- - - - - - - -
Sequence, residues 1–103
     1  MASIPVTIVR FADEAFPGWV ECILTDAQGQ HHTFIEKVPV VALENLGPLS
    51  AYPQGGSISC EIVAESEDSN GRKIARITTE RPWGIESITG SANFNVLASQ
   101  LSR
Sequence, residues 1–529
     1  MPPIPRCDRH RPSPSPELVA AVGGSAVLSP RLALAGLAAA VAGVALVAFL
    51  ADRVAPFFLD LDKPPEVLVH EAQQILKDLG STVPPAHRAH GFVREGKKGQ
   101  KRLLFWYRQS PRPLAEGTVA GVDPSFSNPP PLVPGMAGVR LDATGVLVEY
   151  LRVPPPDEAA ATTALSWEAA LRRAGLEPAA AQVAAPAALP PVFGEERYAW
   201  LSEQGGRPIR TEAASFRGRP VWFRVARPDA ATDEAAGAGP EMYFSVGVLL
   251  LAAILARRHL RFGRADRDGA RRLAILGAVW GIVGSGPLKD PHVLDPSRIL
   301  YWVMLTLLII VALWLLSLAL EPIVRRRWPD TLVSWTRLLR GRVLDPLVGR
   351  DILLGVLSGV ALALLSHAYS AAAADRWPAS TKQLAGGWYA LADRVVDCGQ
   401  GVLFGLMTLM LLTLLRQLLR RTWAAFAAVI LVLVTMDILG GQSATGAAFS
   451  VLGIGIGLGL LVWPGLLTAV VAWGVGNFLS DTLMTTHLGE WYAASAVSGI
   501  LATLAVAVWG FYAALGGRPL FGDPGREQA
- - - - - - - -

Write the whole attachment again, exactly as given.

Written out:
Sequence, residues 1–103
     1  MASIPVTIVR FADEAFPGWV ECILTDAQGQ HHTFIEKVPV VALENLGPLS
    51  AYPQGGSISC EIVAESEDSN GRKIARITTE RPWGIESITG SANFNVLASQ
   101  LSR
Sequence, residues 1–529
     1  MPPIPRCDRH RPSPSPELVA AVGGSAVLSP RLALAGLAAA VAGVALVAFL
    51  ADRVAPFFLD LDKPPEVLVH EAQQILKDLG STVPPAHRAH GFVREGKKGQ
   101  KRLLFWYRQS PRPLAEGTVA GVDPSFSNPP PLVPGMAGVR LDATGVLVEY
   151  LRVPPPDEAA ATTALSWEAA LRRAGLEPAA AQVAAPAALP PVFGEERYAW
   201  LSEQGGRPIR TEAASFRGRP VWFRVARPDA ATDEAAGAGP EMYFSVGVLL
   251  LAAILARRHL RFGRADRDGA RRLAILGAVW GIVGSGPLKD PHVLDPSRIL
   301  YWVMLTLLII VALWLLSLAL EPIVRRRWPD TLVSWTRLLR GRVLDPLVGR
   351  DILLGVLSGV ALALLSHAYS AAAADRWPAS TKQLAGGWYA LADRVVDCGQ
   401  GVLFGLMTLM LLTLLRQLLR RTWAAFAAVI LVLVTMDILG GQSATGAAFS
   451  VLGIGIGLGL LVWPGLLTAV VAWGVGNFLS DTLMTTHLGE WYAASAVSGI
   501  LATLAVAVWG FYAALGGRPL FGDPGREQA